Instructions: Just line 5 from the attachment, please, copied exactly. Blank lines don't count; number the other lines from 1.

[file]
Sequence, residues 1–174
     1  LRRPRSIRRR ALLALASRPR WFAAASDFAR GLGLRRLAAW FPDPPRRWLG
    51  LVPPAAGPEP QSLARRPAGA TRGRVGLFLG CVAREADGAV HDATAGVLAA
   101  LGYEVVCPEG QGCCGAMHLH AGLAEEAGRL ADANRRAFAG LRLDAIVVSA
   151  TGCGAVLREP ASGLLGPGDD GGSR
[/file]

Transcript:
   151  TGCGAVLREP ASGLLGPGDD GGSR